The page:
Ghosting: How I did it to someone I loved

A TBS reader graciously shares the story behind him suddenly cutting his long term girlfriend out of his life, or “ghosting”, as it’s also called.


I’ve never really shared this story out loud before, but I’m guilty of cutting someone out of my life, cold; no warning, no nothing; or “ghosting,” as it’s called now.

I suppose the blanket on anonymity spares me from having to make sweeping statements to defend who I am, but here are some anyway.

I’m good guy. In my relationships, I’ve endeavoured to be that, and largely, I’ve been successful. Whatever the relationships may have come to, if a poll was taken, the unifying response would largely be one of me being “a good guy.”

As long as you didn’t poll that one in particular.

I was unsure why I did it. We dated for eight months, a substantial amount of time. I wouldn’t say what I did was to avoid conflict. We argued all the time, so there was no fear of voicing my concern or fear of my point not being heeded. We were open, if blunt. We had separate lives, but spent time together. I had nothing to hide, but nothing to give. She knew me, and I her. She was concerned about my well being as well as hers. We had a varied sex life. We tried to push each other away, to test each others resolve, but we stuck around.

Then it happened.

I woke one morning and felt different. The face I supposed I loved looked different. Her words, once sweet, now prosaic. Her jokes old, our routine became just that. My distance made her work harder, which drove me too. I was motivated by guilt. On the inside I blamed her for this change that came over her, and subsequently, us. But it was my fault too.

The reason why I can’t give you a straight answer is because there wasn’t one.

I just did it.

A terrible thing to do. Terrible, because it was surprisingly easy. One day I was there, and the next I wasn’t. Not answering my phone until it stopped ringing, hiding in my apartment until the door stopped knocking. I fled to a friend’s house until it blew over. I never tried to put myself in her shoes, I was busy hiding behind the padded wall of self-preservation. From the relationship, I gained a designer umbrella and an Egyptian level of denial. So there it sat, taking up residency in the back of my mind since 2004.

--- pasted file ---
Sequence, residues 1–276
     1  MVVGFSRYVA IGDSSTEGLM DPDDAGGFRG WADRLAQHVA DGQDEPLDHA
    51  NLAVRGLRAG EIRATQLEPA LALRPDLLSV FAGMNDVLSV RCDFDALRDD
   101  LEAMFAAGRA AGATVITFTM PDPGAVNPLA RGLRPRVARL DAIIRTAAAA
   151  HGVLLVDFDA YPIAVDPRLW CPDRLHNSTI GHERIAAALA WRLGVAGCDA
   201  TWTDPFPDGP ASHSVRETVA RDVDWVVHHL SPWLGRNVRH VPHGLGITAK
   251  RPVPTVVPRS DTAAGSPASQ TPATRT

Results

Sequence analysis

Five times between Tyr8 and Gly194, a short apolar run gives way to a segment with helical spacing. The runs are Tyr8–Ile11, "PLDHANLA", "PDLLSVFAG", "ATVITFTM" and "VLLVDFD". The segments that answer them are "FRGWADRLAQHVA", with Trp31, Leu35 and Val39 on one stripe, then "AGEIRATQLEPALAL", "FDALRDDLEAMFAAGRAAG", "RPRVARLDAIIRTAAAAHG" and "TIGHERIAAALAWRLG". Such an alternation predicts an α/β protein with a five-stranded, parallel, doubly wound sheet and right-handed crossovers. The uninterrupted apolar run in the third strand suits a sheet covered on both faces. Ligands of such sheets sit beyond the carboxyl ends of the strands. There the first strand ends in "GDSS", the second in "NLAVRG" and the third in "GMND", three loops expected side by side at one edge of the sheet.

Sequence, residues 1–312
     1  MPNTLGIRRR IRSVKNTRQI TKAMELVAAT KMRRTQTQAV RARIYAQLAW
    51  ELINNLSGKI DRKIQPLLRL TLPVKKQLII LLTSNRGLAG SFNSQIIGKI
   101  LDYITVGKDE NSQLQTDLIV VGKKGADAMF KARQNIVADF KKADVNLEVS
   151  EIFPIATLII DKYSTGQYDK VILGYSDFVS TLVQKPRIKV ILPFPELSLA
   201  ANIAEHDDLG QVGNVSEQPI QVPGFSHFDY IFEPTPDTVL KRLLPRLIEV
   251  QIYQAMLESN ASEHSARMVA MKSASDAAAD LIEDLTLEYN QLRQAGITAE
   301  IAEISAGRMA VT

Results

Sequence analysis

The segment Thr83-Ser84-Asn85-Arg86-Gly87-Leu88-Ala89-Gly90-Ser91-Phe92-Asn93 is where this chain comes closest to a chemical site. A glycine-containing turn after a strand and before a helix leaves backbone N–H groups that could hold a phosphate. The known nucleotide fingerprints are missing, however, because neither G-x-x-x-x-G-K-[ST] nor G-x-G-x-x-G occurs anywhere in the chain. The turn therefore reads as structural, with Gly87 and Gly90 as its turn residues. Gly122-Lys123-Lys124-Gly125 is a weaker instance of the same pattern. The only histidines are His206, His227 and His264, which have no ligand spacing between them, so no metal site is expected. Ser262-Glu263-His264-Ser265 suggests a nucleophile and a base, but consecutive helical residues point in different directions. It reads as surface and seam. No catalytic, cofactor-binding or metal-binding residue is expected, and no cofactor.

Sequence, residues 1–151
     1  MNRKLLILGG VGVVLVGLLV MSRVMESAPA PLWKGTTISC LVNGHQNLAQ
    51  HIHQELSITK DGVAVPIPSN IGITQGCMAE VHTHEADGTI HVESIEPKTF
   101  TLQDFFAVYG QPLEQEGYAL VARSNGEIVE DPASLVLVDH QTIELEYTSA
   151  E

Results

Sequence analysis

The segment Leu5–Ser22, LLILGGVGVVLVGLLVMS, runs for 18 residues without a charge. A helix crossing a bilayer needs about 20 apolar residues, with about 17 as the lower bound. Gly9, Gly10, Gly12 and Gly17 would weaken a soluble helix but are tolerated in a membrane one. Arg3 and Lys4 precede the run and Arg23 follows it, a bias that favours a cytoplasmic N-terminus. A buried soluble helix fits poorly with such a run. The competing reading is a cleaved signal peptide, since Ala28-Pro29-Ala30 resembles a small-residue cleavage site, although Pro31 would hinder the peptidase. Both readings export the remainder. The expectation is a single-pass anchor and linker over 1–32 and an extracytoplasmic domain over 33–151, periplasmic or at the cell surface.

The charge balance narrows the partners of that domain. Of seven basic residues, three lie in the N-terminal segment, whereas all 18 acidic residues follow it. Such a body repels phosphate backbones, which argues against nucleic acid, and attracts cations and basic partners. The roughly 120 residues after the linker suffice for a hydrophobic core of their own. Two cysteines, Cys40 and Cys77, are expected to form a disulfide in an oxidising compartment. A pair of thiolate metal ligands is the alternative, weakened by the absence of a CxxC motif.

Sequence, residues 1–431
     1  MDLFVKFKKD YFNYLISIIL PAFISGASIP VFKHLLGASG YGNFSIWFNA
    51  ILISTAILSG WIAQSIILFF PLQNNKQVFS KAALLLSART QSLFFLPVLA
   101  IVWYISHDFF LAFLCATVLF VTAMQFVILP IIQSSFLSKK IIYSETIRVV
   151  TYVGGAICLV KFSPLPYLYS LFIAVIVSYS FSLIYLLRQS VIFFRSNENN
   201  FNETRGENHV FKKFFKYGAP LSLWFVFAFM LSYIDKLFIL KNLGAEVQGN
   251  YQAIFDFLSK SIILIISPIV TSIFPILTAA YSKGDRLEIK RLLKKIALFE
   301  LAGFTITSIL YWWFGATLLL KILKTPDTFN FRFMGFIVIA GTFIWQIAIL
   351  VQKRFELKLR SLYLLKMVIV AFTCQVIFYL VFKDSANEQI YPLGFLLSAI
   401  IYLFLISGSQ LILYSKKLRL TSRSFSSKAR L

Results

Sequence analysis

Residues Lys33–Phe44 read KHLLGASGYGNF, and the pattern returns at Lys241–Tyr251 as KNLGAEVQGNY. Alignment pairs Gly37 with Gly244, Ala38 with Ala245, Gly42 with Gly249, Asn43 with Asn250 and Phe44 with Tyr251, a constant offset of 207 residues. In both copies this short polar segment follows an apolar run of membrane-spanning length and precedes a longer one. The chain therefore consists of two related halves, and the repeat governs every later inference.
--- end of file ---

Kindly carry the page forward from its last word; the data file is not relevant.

Which was fine by me. Save for the occasional regret, drunkenly manifesting itself into grand schemes to ease the pain I caused. An earnest phone call maybe, a naked billboard appeal perhaps, or even an anonymous two-word note. In the end, it came to nothing beyond the urge to do the right thing.

I crossed the possibilities of meeting her in my mind. How would I handle it? I hid behind a chivalric idea: I’d face whatever she had to say. But would that do any good? Or just dredge up old wrecks from the bottom of her? I couldn’t just pretend it didn’t happen, either. I couldn’t let her know that I’m the still the same. Promises to myself made, I was ready for the possibility I’d never face. The years slipped by, and I didn’t.

Until recently.

It was the year Vince Gilligan came to town. Standard Sydney rush-hour, the ceaseless movement of opposing commuters, looking for spaces, heading in opposite directions, in this sea, is where I crossed her again.

Our history made those seconds stretch. Brain acting on impulse, I caught myself staring for confirmation. There was no mistaking her, she looked the same. We both reached the conclusion of a double-take, and a flicker of resignation. By the time I caught myself, she was already beyond my shoulder, adrift in the wriggling mass. I always assumed that the anguish I was responsible for would goose me into action, but it kept me in my rut. I kept walking.

 So, if you’re reading this, I suppose an apology would be a token gesture. But I do hope that you’ve forgotten about us, dismissed it as a lesson learned from someone you barely know.

From your quick shift of eye-contact away from mine, that might not be the case, but I hope the nostalgic twang of pain was a dull one.


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